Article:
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Tuesday 30 August 2022

Reducing Contention on the NESTING_TRANSACTION_FULL latch

Reducing Contention on the NESTING_TRANSACTION_FULL latch

Each additional worker thread in a parallel execution plan executes inside a nested transaction associated with the single parent transaction.

Parallel worker access to shared parent transaction structures is protected by a latch. A NESTING_TRANSACTION_READONLY latch is used for a read-only transaction. A NESTING_TRANSACTION_FULL latch is used if the transaction has modified the database.

This design has its roots in SQL Server 7, where read-only query parallelism was introduced. SQL Server 2000 built on this with parallel index builds, which for the first time allowed multiple threads to cooperate to change a persistent database structure. Many improvements have followed since then, but the fundamental parent-child transaction design remains today.

Though lightweight, a latch can become a point of contention when requested sufficiently frequently in incompatible modes by many different threads. Some contention on shared resources is to be expected; it becomes a problem when latch waits start to affect CPU utilisation and throughput.

Latch convoys

One well-known problem in multithreaded code is the convoy.

Say we have a shared resource protected by a latch where each operation on the resource needs 2ms processing time while holding the latch in exclusive mode. This arrangement could handle a maximum of 1000/2 = 500 evenly-spaced requests per second before a queue starts to build up.

Once a queue (or ‘convoy’) has formed, each new request will have to wait 2ms for each request ahead of it in the queue before having its turn. The size of the queue will only start to decrease if the number of new requests per second falls below the maximum of 500.

In reality, the situation is worse than described because waiting for the latch is not free. Any thread requesting the latch but finding it in use will need to wait. In SQL Server, this means yielding the scheduler to another thread and sleeping until notified the latch is available. Once notified, the thread becomes runnable and, after a context switch, will get time on the scheduler to do its work.

The extra work involved in sleeping, being notified, waking up, and taking a context switch reduces the CPU time available for useful work while holding the latch. Throughput falls below the theoretical maximum of 500 due to these overheads and system can get into a state where more time is spent on administration than useful work.

Fairness is not always a virtue

A big contributor to the convoy problem is the concept of fairness. In this context, fairness means a thread passing the latch on to the longest waiting thread in the queue. In SQL Server, this means the thread releasing the latch checks the queue of waiters, passes latch ownership to the thread at the head of the queue, then signals it to resume from its wait.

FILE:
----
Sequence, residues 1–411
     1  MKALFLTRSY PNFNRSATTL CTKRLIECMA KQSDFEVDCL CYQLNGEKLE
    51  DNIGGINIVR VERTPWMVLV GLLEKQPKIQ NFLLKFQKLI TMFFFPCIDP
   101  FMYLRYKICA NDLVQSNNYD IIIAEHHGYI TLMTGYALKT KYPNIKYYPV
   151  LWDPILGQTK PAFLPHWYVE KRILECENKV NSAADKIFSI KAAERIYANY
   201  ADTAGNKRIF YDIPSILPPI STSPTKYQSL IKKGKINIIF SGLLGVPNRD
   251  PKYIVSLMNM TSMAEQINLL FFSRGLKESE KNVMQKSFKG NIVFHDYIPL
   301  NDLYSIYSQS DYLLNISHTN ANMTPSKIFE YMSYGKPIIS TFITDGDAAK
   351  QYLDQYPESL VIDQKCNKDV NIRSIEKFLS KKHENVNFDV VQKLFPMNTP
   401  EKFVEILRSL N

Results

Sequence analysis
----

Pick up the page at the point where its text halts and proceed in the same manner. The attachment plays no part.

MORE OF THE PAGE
This is an obviously equitable scheme, but it’s not ideal for overall system throughput. The signalled thread will need to wake up and context-switch onto the scheduler before doing useful work. This guarantees the system incurs overhead each time the latch is acquired when a queue of waiters exists.

It can be worse again if another thread is scheduled ahead of the signalled thread, but SQLOS takes steps to avoid this. A signalled thread is boosted to the head of the scheduler’s runnable queue up to 1000 times in a row, after which is goes to the end of the list.

Unfair latches

An alternative ‘unfair’ scheme doesn’t pass the latch on to the waiter at the head of the queue and signal it. Instead, the latch is simply released and SQL Server uses a operating system call to signal one of the waiters. This will usually be the waiter at the head of the waitlist, but it’s explicitly not guaranteed:

If more than one thread is waiting on a mutex, a waiting thread is selected. Do not assume a first-in, first-out (FIFO) order. External events such as kernel-mode APCs can change the wait order.

You may be wondering what the advantage of this is. Remember, the latch is highly contended. This means requests are coming in all the time— it’s not limited to threads currently on the waiting list.

This is where the unfairness comes in: the signalled waiter may be usurped by a non-waiting thread which just happens to request the latch at an opportune moment. This is good news for throughput because it maximises the amount of useful work done under the latch. The alternative is for nothing useful to happen until the signalled thread completes its wake-up and context switch.

It’s unfair to the waiter, but the chances are good it’ll get its chance eventually. Starvation is a theoretical possibility, but in practice the quasi-random nature of events means the situation is unlikely to persist for long. Threads suffering from the unfairness may experience increased latency, but overall throughput is increased.

Nesting transaction latches

By default, the nesting transaction latches are fair. In modern builds of SQL Server, this doesn’t often present as a problem with the read-only NESTING_TRANSACTION_READONLY latch.

The NESTING_TRANSACTION_FULL latch can be a different story. This latch can be acquired and released extremely rapidly in data-changing execution plans. The latch is required when a parallel worker wants to add a log record to the current in-memory log block.

Parallel data changes

A NESTING_TRANSACTION_FULL latch is only required when a data-changing execution plan operator runs with parallelism. A serial data-changing (insert/update/delete/merge) operator never requires this latch because it operates directly on the parent transaction. Other operators in the plan might use parallelism, but they don’t need the latch because they don’t change data.